Prior to radiocarbon (14C) dating all samples are being selected and pre-treated according to the type, quantity and condition of material, and then graphitized. This is one of the most important phases in the carbon dating process, which requires highest expertise to achieve reliable and accurate result. Samples in Vilnius Radiocarbon laboratory are being pre-treated using exceptionally best-on-the-market chemicals and consumables and strictly following internally approved methodologies according to below given protocols:
Most organic materials, such as charcoal, plant fragments, fragile wood samples, skin, parchment, leather, keratin, textile also peat, soil, sediment samples are treated using the standard acid-base-acid (ABA) method (Molnár et al. 2013, Brock et al., 2010). The samples are treated with a sequence of 1M HCl, distilled water, 0.2M NaOH, distilled water (until the solution is colourless), and then 1M HCl. Woody plant material, skin, parchment, and leather samples may be subjected to a bleach treatment. The concentration of the solutions and the bleach (2.5–5.0% w/v), temperature and duration of storage of the samples in the solution depends on the size, fragility and preservation of the specimens.
Cellulose extraction of wood samples is performed using the base-acid–base-acid-bleaching method (Němec et al. 2010). This procedure is basically identical to ABA, but it is modified for modern wood samples with no or minimal degradation and is presented as current standard for wood cleaning procedure (Gaudinski et al. 2005; Anchukaitis et al. 2008). In brief: the samples are treated in 1M NaOH overnight, followed by sequential treatments in 1M HCl, 1M NaOH, and 1M HCl again for 1 hr each; then bleaching step of 30 min using 5% NaClO2 and 2 drops of 1M HCl is performed.
Bone, tooth dentine, antler, ivory collagen
Bone samples are ultrasonicated in ultrapure water, dried, grinded and sieved to get the appropriately sized sample fraction (0.5–1 mm). Bone collagen is extracted using an acid-alkali-acid procedure followed by gelatinization (Molnár et al. 2013, Brock et al., 2010). Samples are treated with 0.5M hydrochloric acid (~18 hr), 0.1M sodium hydroxide (30 min), and 0.5M hydrochloric acid (1 hr). Bone collagen gelatinization is performed in pH 3 solution at 70°C for 20 hr. Gelatin solution is filtered using a cleaned Ezee-filter and freeze-dried.
Teeth enamel samples were prepared for radiocarbon dating following Koch et al. (1997). Samples were cleaned of the matrix, and enamel was separated from dentine using a hand-held Dremel drill. At least 6 mg tooth enamel powder was collected and pretreated with 30% hydrogen peroxide and acetic acid (buffered 1:1 with calcium acetate).
Carbonized Organic Residues
A gentle pretreatment of carbonized residues on the exterior or interior of potsherds consists of demineralization with 1M HCl for 1 hr followed by 15 min ultrasonication in fresh 1M HCl. The samples are then rinsed in ultrapure water 4 times, then being ultrasonicated in fresh ultrapure water for 5 min approximately 6 times (until the water remains clear). The last step is to acidify the samples for 5 min in 1M HCl and rinse twice with ultrapure water (Brock et al., 2010).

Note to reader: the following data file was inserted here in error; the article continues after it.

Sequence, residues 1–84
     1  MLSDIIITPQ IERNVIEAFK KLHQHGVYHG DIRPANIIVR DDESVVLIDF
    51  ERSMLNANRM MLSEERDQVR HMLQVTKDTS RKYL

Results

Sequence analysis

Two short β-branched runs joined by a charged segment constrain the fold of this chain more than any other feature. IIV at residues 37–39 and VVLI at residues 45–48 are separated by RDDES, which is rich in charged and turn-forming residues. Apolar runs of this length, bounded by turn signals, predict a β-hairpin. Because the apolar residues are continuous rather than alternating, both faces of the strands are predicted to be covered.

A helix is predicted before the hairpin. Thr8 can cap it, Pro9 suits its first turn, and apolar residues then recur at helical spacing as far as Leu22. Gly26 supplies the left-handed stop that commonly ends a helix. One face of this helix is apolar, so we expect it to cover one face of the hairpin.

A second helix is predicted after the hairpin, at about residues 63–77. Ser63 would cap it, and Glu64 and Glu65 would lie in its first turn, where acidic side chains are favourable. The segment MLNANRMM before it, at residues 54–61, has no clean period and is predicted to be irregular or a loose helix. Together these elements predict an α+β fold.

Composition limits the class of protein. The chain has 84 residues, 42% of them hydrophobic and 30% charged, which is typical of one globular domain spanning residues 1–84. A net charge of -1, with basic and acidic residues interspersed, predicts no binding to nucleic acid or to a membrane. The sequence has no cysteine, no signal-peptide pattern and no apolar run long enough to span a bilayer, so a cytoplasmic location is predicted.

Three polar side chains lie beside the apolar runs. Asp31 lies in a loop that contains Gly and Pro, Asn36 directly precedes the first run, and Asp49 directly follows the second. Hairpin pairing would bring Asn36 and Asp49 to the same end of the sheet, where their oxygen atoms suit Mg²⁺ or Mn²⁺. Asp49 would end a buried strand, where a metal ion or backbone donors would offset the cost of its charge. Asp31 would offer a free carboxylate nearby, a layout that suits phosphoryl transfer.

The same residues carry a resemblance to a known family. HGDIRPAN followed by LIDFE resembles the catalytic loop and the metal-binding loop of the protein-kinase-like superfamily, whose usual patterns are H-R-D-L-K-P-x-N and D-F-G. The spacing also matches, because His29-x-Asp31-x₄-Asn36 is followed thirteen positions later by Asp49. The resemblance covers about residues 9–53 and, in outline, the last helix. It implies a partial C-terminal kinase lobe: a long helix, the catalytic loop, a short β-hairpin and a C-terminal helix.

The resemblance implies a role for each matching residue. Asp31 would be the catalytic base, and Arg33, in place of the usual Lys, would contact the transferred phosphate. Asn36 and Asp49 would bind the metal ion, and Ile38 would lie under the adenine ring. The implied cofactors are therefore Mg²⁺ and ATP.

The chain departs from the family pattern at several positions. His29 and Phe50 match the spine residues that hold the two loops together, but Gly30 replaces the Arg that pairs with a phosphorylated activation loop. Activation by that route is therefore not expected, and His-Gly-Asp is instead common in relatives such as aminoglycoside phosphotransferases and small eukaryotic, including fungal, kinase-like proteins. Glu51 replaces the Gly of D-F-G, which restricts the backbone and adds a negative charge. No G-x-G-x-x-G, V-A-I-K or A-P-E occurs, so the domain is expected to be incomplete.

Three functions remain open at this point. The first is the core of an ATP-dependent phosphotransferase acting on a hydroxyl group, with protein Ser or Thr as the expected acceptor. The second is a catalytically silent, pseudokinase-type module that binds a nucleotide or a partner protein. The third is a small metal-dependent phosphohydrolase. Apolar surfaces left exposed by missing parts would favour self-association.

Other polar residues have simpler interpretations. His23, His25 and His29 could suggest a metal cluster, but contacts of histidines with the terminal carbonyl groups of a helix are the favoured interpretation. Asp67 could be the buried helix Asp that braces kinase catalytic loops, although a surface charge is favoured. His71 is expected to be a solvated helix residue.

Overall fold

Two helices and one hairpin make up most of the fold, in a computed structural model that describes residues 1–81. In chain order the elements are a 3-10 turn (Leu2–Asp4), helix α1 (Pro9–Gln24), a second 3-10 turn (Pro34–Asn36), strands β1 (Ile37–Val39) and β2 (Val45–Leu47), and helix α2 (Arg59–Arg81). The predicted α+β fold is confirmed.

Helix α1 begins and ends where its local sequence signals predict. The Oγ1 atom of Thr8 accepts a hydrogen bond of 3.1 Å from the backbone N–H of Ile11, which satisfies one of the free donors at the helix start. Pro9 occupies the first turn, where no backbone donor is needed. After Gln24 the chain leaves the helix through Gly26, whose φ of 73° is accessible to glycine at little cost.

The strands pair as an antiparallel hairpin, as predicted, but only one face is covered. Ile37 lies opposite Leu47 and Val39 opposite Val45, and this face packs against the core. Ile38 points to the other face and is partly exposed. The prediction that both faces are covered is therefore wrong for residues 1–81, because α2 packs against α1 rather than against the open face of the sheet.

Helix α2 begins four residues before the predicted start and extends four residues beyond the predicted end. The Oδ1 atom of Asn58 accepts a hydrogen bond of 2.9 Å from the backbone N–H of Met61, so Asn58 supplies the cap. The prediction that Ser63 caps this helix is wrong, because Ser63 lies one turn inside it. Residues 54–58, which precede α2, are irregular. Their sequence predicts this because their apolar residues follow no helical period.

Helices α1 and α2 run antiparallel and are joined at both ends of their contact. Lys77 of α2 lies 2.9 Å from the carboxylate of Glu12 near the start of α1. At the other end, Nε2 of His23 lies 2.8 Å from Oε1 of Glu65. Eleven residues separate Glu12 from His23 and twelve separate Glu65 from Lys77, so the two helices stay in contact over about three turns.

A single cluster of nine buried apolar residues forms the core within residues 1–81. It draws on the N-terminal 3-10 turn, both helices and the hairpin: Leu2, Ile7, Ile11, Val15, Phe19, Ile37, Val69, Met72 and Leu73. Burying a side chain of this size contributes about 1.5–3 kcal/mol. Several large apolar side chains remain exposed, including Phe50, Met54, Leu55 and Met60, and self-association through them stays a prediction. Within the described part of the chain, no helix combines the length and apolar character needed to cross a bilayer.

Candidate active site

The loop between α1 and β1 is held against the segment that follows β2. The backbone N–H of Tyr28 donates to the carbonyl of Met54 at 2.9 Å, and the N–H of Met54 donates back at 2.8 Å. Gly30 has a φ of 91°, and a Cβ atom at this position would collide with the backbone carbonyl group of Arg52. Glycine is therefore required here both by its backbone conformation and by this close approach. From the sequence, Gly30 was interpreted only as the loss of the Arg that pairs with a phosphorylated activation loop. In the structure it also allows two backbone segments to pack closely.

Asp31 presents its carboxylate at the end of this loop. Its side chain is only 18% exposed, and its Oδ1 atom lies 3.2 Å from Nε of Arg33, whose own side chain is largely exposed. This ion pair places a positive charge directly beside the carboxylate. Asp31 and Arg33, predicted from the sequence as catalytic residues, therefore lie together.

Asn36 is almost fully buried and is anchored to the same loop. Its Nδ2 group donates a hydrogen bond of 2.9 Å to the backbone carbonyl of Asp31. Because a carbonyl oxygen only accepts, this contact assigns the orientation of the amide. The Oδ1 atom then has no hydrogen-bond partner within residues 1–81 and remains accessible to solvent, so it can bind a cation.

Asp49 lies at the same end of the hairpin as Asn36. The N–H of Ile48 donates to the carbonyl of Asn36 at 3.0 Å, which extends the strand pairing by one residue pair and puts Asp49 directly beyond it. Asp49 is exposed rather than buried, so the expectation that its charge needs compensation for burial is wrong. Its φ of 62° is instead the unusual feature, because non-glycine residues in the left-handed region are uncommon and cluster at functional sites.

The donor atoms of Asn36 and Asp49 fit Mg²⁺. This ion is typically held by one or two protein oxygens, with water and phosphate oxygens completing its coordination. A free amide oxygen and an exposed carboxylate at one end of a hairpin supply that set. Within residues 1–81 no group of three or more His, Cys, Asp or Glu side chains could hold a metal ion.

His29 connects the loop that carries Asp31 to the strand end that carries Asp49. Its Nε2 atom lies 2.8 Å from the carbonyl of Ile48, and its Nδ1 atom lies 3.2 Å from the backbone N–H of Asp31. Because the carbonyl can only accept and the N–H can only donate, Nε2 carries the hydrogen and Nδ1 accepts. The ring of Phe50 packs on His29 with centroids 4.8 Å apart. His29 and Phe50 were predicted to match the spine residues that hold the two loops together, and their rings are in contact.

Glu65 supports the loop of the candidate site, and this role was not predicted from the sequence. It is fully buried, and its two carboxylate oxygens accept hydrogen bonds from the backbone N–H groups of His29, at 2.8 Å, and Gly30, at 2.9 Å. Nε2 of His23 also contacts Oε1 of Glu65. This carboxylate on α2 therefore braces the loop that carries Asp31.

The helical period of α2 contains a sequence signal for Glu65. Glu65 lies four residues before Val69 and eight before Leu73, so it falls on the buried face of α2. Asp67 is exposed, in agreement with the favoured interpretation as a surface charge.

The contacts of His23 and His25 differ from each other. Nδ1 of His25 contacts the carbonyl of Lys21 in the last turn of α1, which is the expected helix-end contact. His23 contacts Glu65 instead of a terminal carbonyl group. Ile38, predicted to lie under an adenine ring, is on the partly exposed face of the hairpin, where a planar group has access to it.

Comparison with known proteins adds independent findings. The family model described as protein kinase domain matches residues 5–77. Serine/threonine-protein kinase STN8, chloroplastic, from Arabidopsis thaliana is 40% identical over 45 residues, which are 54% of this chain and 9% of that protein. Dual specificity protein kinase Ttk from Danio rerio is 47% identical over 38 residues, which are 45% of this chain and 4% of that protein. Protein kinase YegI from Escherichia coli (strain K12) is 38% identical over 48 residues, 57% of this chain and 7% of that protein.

Coral and shell samples are surface abraded using a rotary tool and coarsely cut or crushed before cleaning in MilliQ water with ultrasonication. The organic materials, if needed, are removed with H2O2. Samples are then etched using 0.2M HCl to remove the outer layer of potentially recrystallized carbonates. Then samples are treated by reacting with phosphoric acid.
Bone samples submitted for analysis as cremated bone must be gray and preferably almost white in color, indicating that they have been burned at >600°C. Cremated bone samples are treated using methodology applied by I. Major et al. (2018). After washing the samples with water and cleaning the external surface of the bone fragments, 4–5 g of the cremated fragments are treated with 2 × 50 mL of 0.25M sodium chlorite (24 hr, 20°C) in a centrifuge tube to remove organic residues. After that, the samples are washed in ultrapure water followed by treating the samples with 2 × 50 mL 1M acetic acid (24 hr, 20°C) to remove exogenous carbonates and less well-crystallized crystallites of apatite. Finally, all the samples were washed repetitively in ultrapure water again until a transparent liquid was observed and, after decantation, oven-dried at 60°C for an overnight.
In some cases when consolidants, preservatives, and/or other chemical contaminants (including oil paints on canvas) are known or suspected to be present in the samples, a solvent extraction is needed. We have adopted a Soxhlet extraction protocol similar to that applied by Molnár et al. (2013) and Hajdas et al. (2008). The contaminants are extracted in a sequence of hot solvents: hexane, ethanol, acetone and methanol, followed by a distilled water wash if a contaminant is suspected but its identity unknown. Where the exact contaminant is known, the choice of solvent is tailored to the specific contaminant (e.g., chloroform for latex and certain waxes; water, acetone, and methanol for PVA and Resistol; methanol for shellac).